Accessibility links

Breaking News


Azerbaijani activist Leyla Yunus was one of those who urged the European Parliament to adopt legislation similar to the U.S. Magnistsky Act. (file photo)

BRUSSELS -- Lawyers and activists from ex-Soviet republics on February 20 urged the European Union to adopt legislation mirroring a U.S. law aimed at punishing officials for corruption and rights abuses anywhere in the world.

The speakers at a European Parliament event in Brussels included Azerbaijani activist Leyla Yunus, who was convicted by Azerbaijan in a case that drew international condemnation, and Kazakh lawyer Botagoz Jardemalie, who has been granted political asylum in Belgium.

They called for an EU version of the Global Magnitsky Act, a 2016 law modeled on another law passed four years earlier that specifically targeted Russians deemed by Washington to be complicit in human rights abuses.

Jardemalie, who formerly represented fugitive Kazakh tycoon Mukhtar Ablyazov and alleges her brother was illegally detained and tortured by Kazakh authorities, said that an EU version of law was "the only real mechanism that exists to stop high-profile human rights abusers."

Yunus told the event that her lawyer in Azerbaijan has lost his job, "but the people that beat us and tortured my husband have a good career."

She and her husband, Arif Yunus, were arrested in 2014 and sentenced to 8 1/2 and 7 years in prison, respectively, for alleged economic crimes. They were released on medical grounds and have lived in the Netherlands since April 2016.

The United States in December imposed financial and travel restrictions on 52 government-linked people from Uzbekistan, Russia, Ukraine, and elsewhere, as part of its first sanctions listing under the Global Magnitsky Act.

Ahmadreza Djalali is a medical doctor and lecturer at the Karolinska Institute in Stockholm. (file photo)

The Iranian Foreign Ministry says it has summoned the Swedish ambassador to protest over the country's granting of citizenship to a Stockholm-based scientist who is being held in Tehran and faces a death sentence.

Iran’s official IRNA news agency quoted ministry spokesman Bahram Qasemi as saying that the Swedish envoy in Tehran had been summoned in protest on February 19, two days after Sweden confirmed it had granted citizenship to Ahmadreza Djalali.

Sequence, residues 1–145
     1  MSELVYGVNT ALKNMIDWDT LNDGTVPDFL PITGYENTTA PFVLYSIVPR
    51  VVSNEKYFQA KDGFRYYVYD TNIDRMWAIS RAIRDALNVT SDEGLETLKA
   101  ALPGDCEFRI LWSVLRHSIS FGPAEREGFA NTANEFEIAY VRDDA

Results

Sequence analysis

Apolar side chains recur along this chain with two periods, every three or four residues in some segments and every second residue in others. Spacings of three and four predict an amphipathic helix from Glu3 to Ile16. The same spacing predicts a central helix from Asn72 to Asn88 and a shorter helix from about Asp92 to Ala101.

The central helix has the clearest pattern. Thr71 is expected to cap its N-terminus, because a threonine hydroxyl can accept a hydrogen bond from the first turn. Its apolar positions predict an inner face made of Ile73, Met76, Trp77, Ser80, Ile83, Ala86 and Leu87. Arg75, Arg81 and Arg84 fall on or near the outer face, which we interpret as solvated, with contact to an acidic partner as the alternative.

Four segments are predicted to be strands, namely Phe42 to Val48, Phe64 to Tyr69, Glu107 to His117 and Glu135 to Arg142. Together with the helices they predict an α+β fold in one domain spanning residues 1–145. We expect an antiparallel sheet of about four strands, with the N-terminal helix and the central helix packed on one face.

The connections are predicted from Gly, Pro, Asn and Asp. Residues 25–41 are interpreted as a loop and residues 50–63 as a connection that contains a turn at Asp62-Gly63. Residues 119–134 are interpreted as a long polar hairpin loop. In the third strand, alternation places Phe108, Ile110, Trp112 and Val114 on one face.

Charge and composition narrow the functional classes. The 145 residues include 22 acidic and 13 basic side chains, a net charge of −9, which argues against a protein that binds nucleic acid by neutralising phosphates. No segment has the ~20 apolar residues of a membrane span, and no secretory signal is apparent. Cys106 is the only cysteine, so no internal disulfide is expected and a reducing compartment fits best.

A Swedish Foreign Ministry spokeswoman said on February 17 that Stockholm has requested that Iran allow "consular access to our citizen."

"Our demand is that the death penalty is not carried out," she also said.

Qasemi said Iran considered Sweden's move "questionable and unfriendly," and added that Tehran "could not accept the foreign nationality" of the detainee.

"He is still an Iranian," he added.

Iran does not recognize dual citizenship.

Djalali, a medical doctor and lecturer at the Karolinska Institute in Stockholm, was arrested in Iran in April 2016 and later convicted on charges of espionage.

He was accused by Iranian authorities of providing information to Israel to help it assassinate several senior Iranian nuclear scientists.

Iran's Supreme Court upheld the death sentence in December.

'Solitary Confinement, Torture'

Tehran’s prosecutor Abbas Jafari Dolatabadi has said Djalali confessed to meeting agents of the Israeli intelligence agency, Mossad, to deliver information on Iran's nuclear and defense plans and personnel.

Djalali had been on a business trip to Iran when he was arrested and sent to Tehran's notorious Evin prison.

Amnesty International says Djalali was held in solitary confinement for three months and tortured after his arrest.

The London-based rights groups also said Djalali wrote a letter from inside prison in August stating that he was being held because he refused to spy for Iran.

Seventy-five Nobel prize laureates in 2016 petitioned Iranian authorities to release Djalali so that he could "continue his scholarly work for the benefit of mankind.”

With reporting by Reuters and AP

Load more

About This Blog

"Watchdog" is a blog with a singular mission -- to monitor the latest developments concerning human rights, civil society, and press freedom. We'll pay particular attention to reports concerning countries in RFE/RL's broadcast region.


Journalists In Trouble

RFE/RL journalists take risks, face threats, and make sacrifices every day in an effort to gather the news. Our "Journalists In Trouble" page recognizes their courage and conviction, and documents the high price that many have paid simply for doing their jobs. More